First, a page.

Title:
HANDING OVER A USER DEVICE FROM ONE TECHNOLOGY TO ANOTHER
Kind Code:
A1


Abstract:
A system may be configured to identify that a user device is connected to a first radio access network (“RAN”), via a first technology; and to identify that the user device is capable of accessing a second RAN, via a second technology. The system may further be configured to instruct the user device to concurrently connect to the second RAN and the first RAN, send or receive a first type of traffic via the first RAN, and send or receive a second type of traffic via the second RAN.



Inventors:
Lau, Priscilla (Fremont, CA, US)
Chang, Patricia R. (San Ramon, CA, US)
Aksu, Arda (Martinez, CA, US)
Lee, Jay J. (San Ramon, CA, US)
Kotecha, Lalit R. (San Ramon, CA, US)
Tan, Thomas H. (San Jose, CA, US)
Lam, Maria G. (Oakland, CA, US)
Rados, Steven R. (Danville, CA, US)
Macias, John F. (Antelope, CA, US)
Bao, Derek Hongwei (Concord, CA, US)
Application Number:
15/232360
Publication Date:
12/01/2016
Filing Date:
08/09/2016
Assignee:
Verizon Patent and Licensing Inc. (Arlington, VA, US)
Cellco Partnership (d/b/a Verizon Wireless) (Arlington, VA, US)
Primary Class:
International Classes:
H04W36/22; H04W36/14; H04W36/24
View Patent Images:



Primary Examiner:
TRUONG, LAN-HUONG
Attorney, Agent or Firm:
VERIZON (PATENT MANAGEMENT GROUP 1320 North Court House Road 9th Floor ARLINGTON VA 22201-2909)
Claims:
What is claimed is:

1. A method, comprising: identifying, by one or more server devices, that a user device is connected to a first radio access network (“RAN”), via a first technology; identifying, by the one or more server devices, that the user device is capable of accessing a second RAN, via a second technology, the second RAN being different from the first RAN, the second technology being different from the first technology; and instructing, by the one or more server devices, the user device to: concurrently connect to the first RAN and the second RAN, send or receive a first type of traffic via the first RAN while concurrently connected to the first RAN and the second RAN, and send or receive a second type of traffic via the second RAN while concurrently connected to the first RAN and the second RAN, the second type of traffic being different than the first type of traffic.

2. The method of claim 1, wherein the first type of traffic includes voice call traffic, and wherein the second type of traffic includes data traffic.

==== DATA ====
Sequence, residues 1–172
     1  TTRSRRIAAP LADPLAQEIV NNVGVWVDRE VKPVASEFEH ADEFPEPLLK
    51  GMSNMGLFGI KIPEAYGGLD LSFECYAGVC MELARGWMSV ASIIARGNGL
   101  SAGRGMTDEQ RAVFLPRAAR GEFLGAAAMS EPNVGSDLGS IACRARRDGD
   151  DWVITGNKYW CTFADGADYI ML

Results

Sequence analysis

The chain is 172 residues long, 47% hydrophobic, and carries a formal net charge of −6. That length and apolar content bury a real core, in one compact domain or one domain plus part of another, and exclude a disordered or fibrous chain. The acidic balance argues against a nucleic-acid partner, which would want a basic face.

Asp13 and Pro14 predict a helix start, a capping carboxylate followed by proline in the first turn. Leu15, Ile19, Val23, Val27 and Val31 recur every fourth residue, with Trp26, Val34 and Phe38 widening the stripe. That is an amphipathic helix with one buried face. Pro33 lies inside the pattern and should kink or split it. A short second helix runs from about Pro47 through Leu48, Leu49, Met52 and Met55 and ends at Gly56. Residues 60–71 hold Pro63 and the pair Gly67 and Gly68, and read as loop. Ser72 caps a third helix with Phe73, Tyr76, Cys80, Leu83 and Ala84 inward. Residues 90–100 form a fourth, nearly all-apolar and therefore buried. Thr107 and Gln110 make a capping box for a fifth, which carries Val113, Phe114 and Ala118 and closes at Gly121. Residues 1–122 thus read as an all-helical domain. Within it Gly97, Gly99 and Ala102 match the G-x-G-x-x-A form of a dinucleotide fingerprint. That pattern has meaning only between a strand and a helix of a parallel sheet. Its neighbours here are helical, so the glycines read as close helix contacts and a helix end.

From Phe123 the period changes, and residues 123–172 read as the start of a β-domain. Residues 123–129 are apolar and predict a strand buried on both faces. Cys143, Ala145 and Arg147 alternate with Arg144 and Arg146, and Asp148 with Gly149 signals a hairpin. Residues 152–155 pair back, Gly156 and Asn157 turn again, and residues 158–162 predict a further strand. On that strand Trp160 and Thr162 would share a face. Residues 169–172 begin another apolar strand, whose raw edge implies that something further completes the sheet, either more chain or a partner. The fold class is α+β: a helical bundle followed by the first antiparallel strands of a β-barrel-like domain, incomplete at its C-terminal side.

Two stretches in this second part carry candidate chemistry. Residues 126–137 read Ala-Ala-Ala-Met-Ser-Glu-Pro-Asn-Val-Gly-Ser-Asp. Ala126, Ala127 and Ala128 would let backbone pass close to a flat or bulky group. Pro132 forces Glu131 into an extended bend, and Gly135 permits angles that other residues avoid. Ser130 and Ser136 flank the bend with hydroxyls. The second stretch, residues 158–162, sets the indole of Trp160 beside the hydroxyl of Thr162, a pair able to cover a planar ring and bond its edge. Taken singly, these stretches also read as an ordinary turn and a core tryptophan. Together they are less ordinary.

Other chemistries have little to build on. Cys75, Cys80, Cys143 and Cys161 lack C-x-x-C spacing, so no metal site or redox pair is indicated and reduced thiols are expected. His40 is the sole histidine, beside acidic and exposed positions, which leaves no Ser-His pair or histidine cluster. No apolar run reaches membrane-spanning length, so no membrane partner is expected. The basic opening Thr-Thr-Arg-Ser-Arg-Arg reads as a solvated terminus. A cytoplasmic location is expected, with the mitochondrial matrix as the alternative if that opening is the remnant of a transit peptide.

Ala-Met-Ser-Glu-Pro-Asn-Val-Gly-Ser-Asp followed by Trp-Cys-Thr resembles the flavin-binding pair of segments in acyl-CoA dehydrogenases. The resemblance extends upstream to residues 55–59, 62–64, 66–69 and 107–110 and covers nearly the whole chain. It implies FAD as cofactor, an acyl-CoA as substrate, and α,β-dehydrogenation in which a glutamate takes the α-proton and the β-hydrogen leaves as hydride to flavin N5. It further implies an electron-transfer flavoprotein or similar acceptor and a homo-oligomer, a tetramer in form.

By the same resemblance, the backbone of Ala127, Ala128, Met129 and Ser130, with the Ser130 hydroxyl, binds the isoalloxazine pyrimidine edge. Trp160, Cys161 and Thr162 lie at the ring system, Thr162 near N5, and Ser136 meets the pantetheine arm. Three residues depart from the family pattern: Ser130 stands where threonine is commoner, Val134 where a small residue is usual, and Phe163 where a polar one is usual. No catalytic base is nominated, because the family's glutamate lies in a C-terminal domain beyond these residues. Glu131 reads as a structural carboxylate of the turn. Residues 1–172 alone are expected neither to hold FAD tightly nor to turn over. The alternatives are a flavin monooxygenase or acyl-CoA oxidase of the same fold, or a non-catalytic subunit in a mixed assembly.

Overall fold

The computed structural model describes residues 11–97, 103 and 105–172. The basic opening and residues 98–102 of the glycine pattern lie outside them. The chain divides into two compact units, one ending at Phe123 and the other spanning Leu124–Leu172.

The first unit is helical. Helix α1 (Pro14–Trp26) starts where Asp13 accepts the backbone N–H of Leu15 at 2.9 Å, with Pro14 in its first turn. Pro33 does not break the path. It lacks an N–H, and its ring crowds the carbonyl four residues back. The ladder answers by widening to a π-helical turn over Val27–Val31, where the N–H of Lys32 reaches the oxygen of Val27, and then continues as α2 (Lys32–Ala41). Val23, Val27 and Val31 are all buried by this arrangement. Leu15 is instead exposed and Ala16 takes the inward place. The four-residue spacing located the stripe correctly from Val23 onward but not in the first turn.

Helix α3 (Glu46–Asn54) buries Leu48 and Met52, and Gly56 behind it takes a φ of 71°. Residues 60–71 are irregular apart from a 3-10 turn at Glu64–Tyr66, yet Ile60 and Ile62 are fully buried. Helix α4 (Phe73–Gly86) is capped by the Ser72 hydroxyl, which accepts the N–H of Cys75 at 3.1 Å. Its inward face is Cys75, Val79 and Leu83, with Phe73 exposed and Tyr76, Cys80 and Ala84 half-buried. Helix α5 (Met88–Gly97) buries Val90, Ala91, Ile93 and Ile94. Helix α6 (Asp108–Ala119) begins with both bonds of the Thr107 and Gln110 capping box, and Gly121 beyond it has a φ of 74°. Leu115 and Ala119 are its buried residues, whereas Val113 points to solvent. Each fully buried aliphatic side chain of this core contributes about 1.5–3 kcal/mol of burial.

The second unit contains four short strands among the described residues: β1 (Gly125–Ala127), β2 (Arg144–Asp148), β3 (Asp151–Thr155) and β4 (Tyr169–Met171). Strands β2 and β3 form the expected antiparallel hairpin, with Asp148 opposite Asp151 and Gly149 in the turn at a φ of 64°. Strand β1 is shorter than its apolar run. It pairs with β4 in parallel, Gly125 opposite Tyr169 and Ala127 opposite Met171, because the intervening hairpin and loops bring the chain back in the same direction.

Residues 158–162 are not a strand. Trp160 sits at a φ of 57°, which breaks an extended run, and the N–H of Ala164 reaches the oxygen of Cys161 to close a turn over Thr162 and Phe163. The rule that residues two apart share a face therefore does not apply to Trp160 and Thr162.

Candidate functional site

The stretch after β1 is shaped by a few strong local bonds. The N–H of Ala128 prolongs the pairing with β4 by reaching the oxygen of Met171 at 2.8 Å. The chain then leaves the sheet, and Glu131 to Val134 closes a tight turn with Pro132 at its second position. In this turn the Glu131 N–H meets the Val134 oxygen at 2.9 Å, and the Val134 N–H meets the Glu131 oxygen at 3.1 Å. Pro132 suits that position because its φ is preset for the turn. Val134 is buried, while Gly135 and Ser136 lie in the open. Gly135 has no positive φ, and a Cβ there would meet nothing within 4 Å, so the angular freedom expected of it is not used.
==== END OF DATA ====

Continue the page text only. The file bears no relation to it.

3. The method of claim 1, wherein the first technology is a first cellular technology, and wherein the second technology is a second cellular technology.

4. The method of claim 1, further comprising: receiving an indication that the first RAN is congested, wherein the instructing is performed based on the received indication that the first RAN is congested.

5. The method of claim 1, further comprising: receiving an indication that the second RAN is less congested than the first RAN, wherein the instructing is performed based on the received indication that the second RAN is less congested than the first RAN.

6. The method of claim 1, further comprising: determining that the user device is not associated with a subscription that indicates that the first technology is preferred over the second technology, wherein the instructing is performed based on determining that the user device is not associated with a subscription that indicates that the first technology is preferred over the second technology.

7. The method of claim 1, further comprising: determining a set of factors associated with the first RAN and the second RAN, the set of factors including at least two of: an amount of congestion associated with the first RAN, a position of the first RAN in a priority list that prioritizes a plurality of RANs, or a type of an application invoked by the user device, wherein the instructing is performed based on the set of factors associated with the first RAN and the second RAN.

8. A system, comprising: a memory device storing a set of processor-executable instructions; and one or more processors configured to execute the set of processor-executable instructions, wherein executing the set of processor-executable instructions causes the one or more processors to: identify that a user device is connected to a first radio access network (“RAN”), via a first technology; identify that the user device is capable of accessing a second RAN, via a second technology, the second RAN being different from the first RAN, the second technology being different from the first technology; and instruct the user device to: concurrently connect to the first RAN and the second RAN, send or receive a first type of traffic via the first RAN while concurrently connected to the first RAN and the second RAN, and send or receive a second type of traffic via the second RAN while concurrently connected to the first RAN and the second RAN, the second type of traffic being different than the first type of traffic.